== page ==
Are you using a 2015 MacBook Pro to edit files and it is starting to struggle with 4K? Or perhaps you are using a 2015 UltraBook to play Grand Theft Auto V and your FPS has dropped to 25FPS? Never fear – add a Thunderbolt connected External PCIe Chassis and Graphics Card or Rendering Card and you will see immediate and significant improvements.
|Thunderbolt 1 & 2 PCIe
PCIe External Chassis
(Mac and Windows)
|Thunderbolt 3 PCIe
PCIe External Chassis
(Mac and Windows)
|Thunderbolt 3 PCIe
PCIe External Chassis
Most modern external PCIe feature Thunderbolt as the connection of choice. However others featuring proprietary SAS connections are available – but may need another low powered PCIe installed in the host PC To Connect.
What kind of PCIe cards can I buy to upgrade?
Now you know just how easy it can be to upgrade your host machine with a PCIe card, it is worth knowing the extent to which you can upgrade. The most popular PCIe expansion cards and their advantages can be found below. Some are using in PC or Mac systems, some in NAS Server devices and some in both.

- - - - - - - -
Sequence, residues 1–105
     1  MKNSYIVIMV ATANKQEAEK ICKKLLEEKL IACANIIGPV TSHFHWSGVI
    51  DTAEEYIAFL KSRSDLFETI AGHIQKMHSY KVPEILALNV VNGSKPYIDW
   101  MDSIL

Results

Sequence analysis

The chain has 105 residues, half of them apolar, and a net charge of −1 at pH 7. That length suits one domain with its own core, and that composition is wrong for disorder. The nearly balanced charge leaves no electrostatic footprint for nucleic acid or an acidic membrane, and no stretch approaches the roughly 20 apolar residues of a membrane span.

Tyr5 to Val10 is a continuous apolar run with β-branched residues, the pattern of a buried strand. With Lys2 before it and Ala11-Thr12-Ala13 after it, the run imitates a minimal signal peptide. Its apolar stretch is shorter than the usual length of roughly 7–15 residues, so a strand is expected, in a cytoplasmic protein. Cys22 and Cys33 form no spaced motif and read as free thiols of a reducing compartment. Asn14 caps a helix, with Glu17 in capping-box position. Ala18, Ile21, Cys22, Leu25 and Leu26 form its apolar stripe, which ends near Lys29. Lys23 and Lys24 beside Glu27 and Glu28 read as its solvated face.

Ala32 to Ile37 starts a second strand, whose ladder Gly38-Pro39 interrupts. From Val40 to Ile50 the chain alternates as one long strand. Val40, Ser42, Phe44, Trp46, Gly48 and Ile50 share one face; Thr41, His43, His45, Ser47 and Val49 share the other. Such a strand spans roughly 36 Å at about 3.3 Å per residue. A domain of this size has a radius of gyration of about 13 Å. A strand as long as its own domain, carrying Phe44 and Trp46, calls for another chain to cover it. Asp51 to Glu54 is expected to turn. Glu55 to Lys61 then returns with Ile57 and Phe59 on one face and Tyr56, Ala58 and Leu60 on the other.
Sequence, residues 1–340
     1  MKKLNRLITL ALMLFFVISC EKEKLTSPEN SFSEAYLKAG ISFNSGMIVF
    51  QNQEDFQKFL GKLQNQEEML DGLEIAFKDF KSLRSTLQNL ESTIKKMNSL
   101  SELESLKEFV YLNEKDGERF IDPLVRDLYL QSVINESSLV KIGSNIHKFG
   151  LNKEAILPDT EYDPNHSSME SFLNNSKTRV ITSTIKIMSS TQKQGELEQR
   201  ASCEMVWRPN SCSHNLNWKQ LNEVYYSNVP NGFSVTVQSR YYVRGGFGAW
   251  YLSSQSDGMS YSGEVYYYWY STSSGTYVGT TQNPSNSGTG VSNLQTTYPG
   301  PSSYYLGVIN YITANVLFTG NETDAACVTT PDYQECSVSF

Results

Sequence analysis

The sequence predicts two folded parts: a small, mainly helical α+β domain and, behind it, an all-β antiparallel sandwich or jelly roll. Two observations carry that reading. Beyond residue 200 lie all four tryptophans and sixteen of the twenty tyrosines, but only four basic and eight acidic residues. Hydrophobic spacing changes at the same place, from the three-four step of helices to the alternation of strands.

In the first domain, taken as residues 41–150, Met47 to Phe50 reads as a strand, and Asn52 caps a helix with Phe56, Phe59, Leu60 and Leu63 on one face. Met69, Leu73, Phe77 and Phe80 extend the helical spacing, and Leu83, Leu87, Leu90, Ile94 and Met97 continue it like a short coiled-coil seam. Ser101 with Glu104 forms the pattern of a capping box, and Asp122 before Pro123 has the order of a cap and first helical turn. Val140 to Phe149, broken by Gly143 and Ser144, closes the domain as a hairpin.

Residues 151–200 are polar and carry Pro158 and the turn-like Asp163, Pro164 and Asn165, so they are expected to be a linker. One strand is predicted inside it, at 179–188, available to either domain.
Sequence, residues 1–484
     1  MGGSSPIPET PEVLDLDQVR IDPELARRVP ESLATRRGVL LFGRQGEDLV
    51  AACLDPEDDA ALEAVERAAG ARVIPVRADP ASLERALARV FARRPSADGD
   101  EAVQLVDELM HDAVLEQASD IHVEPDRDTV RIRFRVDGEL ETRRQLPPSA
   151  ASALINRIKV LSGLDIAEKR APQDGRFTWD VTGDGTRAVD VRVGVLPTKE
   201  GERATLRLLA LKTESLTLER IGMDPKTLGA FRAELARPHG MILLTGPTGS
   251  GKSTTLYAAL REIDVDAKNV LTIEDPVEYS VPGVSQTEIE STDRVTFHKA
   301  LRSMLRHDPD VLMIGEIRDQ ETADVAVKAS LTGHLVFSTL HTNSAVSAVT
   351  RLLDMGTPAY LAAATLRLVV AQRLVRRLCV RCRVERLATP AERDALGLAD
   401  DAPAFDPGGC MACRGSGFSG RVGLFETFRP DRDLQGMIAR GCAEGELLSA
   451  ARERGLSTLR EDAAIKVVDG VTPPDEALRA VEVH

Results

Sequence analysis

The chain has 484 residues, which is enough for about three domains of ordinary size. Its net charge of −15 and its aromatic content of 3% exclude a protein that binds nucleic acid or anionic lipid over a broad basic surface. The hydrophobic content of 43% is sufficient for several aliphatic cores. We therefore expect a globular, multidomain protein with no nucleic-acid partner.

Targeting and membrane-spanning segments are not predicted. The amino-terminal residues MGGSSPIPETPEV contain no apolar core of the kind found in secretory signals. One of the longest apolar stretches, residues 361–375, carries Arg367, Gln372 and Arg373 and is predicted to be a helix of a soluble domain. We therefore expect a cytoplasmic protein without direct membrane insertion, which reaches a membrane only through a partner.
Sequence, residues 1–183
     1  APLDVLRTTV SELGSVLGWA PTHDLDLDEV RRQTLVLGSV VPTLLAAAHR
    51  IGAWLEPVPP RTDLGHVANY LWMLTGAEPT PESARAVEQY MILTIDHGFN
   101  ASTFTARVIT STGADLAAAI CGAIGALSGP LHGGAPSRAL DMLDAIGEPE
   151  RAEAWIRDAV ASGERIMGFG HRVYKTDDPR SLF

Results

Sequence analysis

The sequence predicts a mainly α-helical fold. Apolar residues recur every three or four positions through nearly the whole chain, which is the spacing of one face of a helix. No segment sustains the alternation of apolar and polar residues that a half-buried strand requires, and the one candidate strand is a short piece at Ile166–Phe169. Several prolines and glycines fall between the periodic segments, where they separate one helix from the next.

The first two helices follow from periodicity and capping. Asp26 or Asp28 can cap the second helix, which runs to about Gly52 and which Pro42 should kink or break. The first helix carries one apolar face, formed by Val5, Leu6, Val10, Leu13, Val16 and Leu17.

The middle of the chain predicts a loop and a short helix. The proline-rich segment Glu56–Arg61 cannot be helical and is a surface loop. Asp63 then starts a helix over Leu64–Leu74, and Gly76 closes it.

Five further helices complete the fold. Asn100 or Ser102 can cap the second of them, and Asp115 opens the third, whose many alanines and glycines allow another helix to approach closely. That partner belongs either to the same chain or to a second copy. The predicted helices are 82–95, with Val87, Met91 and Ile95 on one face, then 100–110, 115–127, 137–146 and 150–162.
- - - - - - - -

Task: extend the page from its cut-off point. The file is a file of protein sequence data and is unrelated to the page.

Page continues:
Popular PCIe cards for Mac, Windows and NAS servers are:
- Port Upgrades – Not the drink, but a means to add ports ranging from USB, LAN and 10GBe to SAS and Thunderbolt 1, 2 and 3
|USB, Firewire, SAS
|1GBe, 10GBe and SFP+
|Thunderbolt 1,2 and 3
PCIe Upgrade Card
- Controller Cards – These have a number of uses, but primarily it is for RAID configuration and creating bespoke storage pools for redundant and/or fast access
Cost Effective and
|LSI / Avago
Recommended Brand and
|Hewlett Packard (HPE)
- PCIe Based SSD Cards – Adding an SSD to your NAS or PC System is a good upgrade but as fast as solid state drives are, they are still bottle-necked at 6GB/s. However you can get some SSD that arrive attached to PCIe boards (or even just a blank board, to attach your personalised SSD) so you can avoid the speed bottle neck of SATA and start hitting 12GB/s or NVMe Speeds of 3,500MB/s
|PCIe Cards & SSD
12GB/s PCIe cards with
SSD Storage inc.
|PCIe Cards ONLY
12GB/s PCIe cards
with empty SSD slot
|M.2 SSD PCIe Cards
PCIe cards enableding M.2
and NVMe SSD
- Sound Cards – These are PCIe cards that improve the Input or Output of audi media for improved payback or editing
- Graphics Cards – The most obvious of all, so I left it till last. They provide huge graphics processing and rendering power to the host system and can be used for gaming, media and editing of almost all types